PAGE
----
If you’ve already watched the Best 25 Best Shows on Netflix, powered through the Next 25 Best TV Shows on Netflix, and got caught up on this week’s best new movies on Netflix, here’s a weekend binge-watching recommendation on Netflix: It’s called Boss, it’s intensely terrific, and appropriately for this weekend, it stars one of the actors from the X-Men franchise.
Boss is basically the Tommy Carcetti subplot in The Wire crossed with House of Cards, only its grimmer and darker than both series. It’s essentially Kelsey Grammer’s version of All the King’s Men using the Chicago political machine as the backdrop. Grammer plays Mayor Tom Kane, who not only controls Chicago, but the entire state of Illinois through insidious compromises, political corruption, graft, and even murder. As anti-heroes go, there’s nothing heroic about Mayor Tom Kane — he’s like the blisteringly angry version of Meryl Streep in The Devil Wears Prada, but unlike that movie, there’s no sympathetic protagonist. Kane is the protagonist, and he is a f**king awful person.
The catch is this: Kane is suffering from an incurable degenerative neurological disorder similar to both Parkinson’s and Alzheimer’s that will eventually cost him the very thing that got him to where he is: His intellect. He has three to five years left to live, and those years will be plagued by memory loss, the shakes, and hallucinations until he’s completely reduced to a vegetable. But Mayor Kane being the kind of guy he is, keeps his disorder secret and refuses to let go of his power.
In the midst of Kane’s attempts to keep a stranglehold on his power while dealing with a degenerative diseases, there’s also the matter of his family. He’s all but estranged from his frigid wife, Meredith (Connie Nielson), in a marriage of political convenience, and their do-gooder daughter, Emma (Hannah Ware) — also estranged — is battling a drug addiction and a fascination with a dealer.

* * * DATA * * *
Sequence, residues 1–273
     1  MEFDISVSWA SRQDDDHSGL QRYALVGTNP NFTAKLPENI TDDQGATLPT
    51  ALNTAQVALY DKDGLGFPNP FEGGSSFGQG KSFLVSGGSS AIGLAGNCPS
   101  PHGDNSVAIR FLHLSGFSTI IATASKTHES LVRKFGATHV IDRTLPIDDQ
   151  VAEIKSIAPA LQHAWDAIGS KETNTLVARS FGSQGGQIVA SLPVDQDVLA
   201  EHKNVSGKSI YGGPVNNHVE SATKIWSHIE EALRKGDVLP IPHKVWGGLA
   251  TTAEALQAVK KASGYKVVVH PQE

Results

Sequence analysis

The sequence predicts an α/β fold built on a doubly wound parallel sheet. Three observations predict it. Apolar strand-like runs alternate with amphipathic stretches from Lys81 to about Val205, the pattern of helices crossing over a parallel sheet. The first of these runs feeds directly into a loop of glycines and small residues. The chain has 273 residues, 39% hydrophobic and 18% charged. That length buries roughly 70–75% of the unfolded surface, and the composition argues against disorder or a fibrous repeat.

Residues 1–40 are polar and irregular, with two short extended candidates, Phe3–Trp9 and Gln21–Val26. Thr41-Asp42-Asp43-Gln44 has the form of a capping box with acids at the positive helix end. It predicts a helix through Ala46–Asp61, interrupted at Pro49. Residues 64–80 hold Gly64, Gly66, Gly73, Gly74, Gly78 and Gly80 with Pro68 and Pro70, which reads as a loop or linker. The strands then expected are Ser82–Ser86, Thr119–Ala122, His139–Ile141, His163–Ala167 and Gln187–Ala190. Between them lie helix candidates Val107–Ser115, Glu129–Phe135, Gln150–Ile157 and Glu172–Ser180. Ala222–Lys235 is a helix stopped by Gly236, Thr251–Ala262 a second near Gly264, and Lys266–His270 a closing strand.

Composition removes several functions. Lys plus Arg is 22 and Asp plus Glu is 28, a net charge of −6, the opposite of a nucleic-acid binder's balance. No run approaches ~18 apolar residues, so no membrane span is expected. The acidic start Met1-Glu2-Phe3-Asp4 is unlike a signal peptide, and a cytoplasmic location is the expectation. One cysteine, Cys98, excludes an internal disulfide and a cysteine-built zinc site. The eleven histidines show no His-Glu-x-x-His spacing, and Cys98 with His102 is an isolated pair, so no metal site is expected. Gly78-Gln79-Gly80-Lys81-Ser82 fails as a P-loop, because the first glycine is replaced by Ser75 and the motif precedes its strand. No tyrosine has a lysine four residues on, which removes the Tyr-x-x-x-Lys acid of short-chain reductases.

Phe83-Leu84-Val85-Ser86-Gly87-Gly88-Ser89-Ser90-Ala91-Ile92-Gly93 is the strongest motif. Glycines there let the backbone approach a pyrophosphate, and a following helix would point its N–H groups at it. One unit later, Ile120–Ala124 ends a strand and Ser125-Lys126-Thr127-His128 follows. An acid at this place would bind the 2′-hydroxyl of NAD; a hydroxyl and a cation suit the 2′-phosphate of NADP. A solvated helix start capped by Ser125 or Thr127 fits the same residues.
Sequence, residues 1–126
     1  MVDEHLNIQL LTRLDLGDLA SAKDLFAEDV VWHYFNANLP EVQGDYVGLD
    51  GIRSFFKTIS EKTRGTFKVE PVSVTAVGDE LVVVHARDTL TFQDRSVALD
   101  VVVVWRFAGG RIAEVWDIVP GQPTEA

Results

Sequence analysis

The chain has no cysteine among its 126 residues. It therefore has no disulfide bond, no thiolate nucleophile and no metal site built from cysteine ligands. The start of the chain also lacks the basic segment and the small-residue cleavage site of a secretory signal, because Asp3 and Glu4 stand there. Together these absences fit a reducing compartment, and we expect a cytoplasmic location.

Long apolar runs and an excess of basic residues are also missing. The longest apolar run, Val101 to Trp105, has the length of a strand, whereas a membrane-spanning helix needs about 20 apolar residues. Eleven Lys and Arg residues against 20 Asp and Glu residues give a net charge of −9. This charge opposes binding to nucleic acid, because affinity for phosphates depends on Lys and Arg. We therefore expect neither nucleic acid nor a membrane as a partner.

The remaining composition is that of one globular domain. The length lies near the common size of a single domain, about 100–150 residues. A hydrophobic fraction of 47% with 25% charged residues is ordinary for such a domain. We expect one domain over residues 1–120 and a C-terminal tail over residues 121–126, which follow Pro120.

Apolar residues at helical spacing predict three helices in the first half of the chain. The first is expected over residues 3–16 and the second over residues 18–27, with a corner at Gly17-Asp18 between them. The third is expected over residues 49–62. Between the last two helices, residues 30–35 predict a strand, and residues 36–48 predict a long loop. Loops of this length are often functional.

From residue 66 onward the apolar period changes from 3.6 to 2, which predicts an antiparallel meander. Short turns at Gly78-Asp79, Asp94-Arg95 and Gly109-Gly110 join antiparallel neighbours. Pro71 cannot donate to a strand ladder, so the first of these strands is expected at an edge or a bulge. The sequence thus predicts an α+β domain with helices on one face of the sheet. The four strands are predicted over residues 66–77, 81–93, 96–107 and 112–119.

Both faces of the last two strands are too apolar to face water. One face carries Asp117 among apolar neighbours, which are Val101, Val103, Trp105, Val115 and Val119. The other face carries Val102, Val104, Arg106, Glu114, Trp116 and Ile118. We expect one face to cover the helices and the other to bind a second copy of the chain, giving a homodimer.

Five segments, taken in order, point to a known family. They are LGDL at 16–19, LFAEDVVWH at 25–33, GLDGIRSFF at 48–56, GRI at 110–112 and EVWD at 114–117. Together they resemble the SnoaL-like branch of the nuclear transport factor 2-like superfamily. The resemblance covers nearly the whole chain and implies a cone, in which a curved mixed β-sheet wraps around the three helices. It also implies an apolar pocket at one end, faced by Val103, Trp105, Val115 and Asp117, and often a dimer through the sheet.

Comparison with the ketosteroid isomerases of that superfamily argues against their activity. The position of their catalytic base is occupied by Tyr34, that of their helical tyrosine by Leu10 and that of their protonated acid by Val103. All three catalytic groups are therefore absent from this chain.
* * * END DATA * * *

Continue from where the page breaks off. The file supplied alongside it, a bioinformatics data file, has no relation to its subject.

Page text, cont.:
There are also those within his own staff attempting to overthrow him, and over the course of two seasons, there’s a lot of political maneuvering, a lot of ruthless deals, and a lot of people thrown under the bus. But what’s interesting about Boss is that Mayor Tom Kane is a man the audience absolutely detests, and yet, there’s something about his struggle that we find ourselves rooting for. It doesn’t hurt that there’s no one else in this show that’s in any way likable or sympathetic, but it’s mostly in Grammer’s hypnotic performance.
Grammar is absolutely unholy in the role, easily the meatiest of his career. Within ten minutes, you will completely forget this is the same guy that played Frasier Crane for nearly two decades. He shreds apart every scene he’s in like a man hellbent on strangling the memory of Frasier Crane and replacing it with Stringer Bell playing Huey P. Long. It is a stunning and powerful performance, and Mayor Tom Kane proves to be one of the most evil sons of bitches I’ve ever seen on television.
It’s a goddamned beast of a show, and while its sleaze and salaciousness can often feel overcooked, it’s nevertheless immensely riveting. (Oh, and not for nothing, but there’s quite a bit of nudity, mostly involving Hannah Ware and former 90201’er Kathleen Robertson).